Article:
In the case of UL and BK, Mr Justice Mostyn said the couple had enjoyed “enjoyed all the trappings of vast wealth, an international lifestyle with property in different countries, antique furniture, fine art, fully staffed households, private jets, boats and yachts”.
But the marriage broke down after the wife had an affair and the couple became estranged, the Mail reports. The man then embarked on his own affair and had a child with his mistress.
In February this year, the wife obtained a freezing order against £20 million of her husband’s assets. This order included a villa in Marbella, which was reportedly the only property owned solely by her husband. In her affidavit supporting the freezing order, the wife had declared:
“…other than the Spanish Property, I am not aware of any other property in [the husband’s] sole name; in fact, I fear that this may be the only asset in his sole name”.
Sitting in the High Court, Mr Justice Mostyn declined to extend the order. In response to collateral legal action by her husband, in which he had sued his wife for ‘breach of confidence and misuse of private information’, the wife admitted that she had illicitly opened her husband’s safe. In another affidavit she declared:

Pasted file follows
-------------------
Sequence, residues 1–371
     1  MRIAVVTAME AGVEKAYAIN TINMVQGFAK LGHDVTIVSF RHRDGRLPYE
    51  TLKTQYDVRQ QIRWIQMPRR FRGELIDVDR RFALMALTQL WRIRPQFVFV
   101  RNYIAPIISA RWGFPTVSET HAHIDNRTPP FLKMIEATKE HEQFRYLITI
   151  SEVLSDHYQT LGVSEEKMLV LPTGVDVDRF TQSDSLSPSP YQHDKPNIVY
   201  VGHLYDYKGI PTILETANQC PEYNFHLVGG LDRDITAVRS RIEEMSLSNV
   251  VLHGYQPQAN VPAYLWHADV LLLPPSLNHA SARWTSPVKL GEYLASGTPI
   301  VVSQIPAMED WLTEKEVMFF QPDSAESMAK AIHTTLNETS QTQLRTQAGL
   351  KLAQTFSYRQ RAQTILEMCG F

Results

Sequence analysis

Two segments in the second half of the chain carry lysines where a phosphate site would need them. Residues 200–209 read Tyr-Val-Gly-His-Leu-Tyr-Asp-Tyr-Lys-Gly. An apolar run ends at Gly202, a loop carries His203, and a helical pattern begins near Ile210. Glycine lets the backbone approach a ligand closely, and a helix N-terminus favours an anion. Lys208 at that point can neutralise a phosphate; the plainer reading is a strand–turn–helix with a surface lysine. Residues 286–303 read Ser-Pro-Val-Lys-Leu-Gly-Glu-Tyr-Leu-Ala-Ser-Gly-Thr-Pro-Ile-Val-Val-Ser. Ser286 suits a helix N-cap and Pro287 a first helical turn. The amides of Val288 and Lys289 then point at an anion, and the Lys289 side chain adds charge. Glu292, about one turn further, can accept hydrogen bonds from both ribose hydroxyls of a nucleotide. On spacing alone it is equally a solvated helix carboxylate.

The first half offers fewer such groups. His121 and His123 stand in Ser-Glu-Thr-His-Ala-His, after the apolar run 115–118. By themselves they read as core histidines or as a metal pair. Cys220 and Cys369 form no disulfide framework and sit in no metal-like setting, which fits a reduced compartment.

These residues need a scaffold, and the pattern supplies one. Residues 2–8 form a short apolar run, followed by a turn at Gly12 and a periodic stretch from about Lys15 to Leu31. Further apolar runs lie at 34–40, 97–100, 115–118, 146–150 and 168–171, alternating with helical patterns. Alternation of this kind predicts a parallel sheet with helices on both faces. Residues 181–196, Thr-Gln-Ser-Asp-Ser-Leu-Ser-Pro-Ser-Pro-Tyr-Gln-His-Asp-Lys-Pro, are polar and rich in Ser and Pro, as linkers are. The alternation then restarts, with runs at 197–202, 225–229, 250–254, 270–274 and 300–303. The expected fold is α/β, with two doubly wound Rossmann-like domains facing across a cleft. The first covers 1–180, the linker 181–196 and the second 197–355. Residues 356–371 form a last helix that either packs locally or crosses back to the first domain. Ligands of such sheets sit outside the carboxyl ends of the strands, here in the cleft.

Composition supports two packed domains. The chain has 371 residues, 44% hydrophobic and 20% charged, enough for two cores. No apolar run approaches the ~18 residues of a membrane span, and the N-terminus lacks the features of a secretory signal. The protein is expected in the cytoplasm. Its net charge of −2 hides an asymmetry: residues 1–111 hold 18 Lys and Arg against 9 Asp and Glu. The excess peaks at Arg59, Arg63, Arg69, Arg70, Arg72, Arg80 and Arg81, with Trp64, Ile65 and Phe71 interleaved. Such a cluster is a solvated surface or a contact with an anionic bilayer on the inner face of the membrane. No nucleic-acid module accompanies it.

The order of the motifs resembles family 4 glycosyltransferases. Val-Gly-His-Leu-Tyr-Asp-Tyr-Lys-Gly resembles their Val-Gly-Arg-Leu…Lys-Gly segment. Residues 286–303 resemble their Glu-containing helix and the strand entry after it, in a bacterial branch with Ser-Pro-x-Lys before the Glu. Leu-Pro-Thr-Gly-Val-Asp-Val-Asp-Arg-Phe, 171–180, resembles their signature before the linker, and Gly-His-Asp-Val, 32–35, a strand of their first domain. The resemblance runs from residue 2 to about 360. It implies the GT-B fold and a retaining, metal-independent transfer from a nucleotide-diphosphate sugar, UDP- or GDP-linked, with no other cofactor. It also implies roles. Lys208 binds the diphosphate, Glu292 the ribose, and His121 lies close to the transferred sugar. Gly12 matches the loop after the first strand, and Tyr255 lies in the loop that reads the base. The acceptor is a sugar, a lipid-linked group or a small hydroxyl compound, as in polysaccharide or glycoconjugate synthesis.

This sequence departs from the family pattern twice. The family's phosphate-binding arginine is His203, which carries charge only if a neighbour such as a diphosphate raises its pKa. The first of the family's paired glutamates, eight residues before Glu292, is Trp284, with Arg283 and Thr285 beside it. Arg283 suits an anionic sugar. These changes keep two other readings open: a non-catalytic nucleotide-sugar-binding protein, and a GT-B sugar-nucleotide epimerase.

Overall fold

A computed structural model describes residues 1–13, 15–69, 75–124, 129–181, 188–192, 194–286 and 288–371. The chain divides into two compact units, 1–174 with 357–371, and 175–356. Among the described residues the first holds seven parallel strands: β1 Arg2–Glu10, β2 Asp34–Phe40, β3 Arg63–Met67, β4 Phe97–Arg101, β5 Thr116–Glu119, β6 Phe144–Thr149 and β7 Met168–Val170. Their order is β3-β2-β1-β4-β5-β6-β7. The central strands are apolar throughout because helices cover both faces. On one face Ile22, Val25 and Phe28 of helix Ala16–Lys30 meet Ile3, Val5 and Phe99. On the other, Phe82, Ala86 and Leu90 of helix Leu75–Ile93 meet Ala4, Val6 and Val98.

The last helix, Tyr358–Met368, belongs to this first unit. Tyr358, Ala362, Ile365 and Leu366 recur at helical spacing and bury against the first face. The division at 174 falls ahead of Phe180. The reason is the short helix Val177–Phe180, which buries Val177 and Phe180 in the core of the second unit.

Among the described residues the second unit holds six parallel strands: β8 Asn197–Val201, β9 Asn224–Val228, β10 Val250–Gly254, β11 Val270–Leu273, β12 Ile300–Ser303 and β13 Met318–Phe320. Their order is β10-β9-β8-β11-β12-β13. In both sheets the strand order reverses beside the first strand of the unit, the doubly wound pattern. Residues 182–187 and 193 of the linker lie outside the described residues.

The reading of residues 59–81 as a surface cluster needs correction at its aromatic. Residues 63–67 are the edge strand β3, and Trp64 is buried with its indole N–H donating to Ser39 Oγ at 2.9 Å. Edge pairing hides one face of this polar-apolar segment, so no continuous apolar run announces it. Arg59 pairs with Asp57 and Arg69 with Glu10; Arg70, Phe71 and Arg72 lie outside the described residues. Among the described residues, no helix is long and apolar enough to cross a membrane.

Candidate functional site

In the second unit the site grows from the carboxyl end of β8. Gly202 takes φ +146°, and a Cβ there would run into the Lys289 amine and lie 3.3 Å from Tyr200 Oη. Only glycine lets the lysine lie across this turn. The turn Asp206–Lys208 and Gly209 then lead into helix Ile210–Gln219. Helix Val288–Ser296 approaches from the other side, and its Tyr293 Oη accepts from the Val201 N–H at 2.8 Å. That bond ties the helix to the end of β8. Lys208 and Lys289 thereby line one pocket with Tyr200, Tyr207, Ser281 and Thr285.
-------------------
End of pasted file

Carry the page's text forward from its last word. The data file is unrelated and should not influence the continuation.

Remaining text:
“I cannot remember the precise date I accessed the safe, but suspect that it was around 2009. … On the occasion in question, the claimant was out playing golf. He always kept the key to the safe in his bag. I went into the office, removed the key and opened the safe. The only items within it of my husband’s were various bills for the Marbella property. At the time the claimant and my relationship was difficult. Given his secrecy about financial issues I wished to obtain as much information as possible as I suspected that we would divorce at some stage.”
Mr Justice Mostyn was unsympathetic to this admission ruling: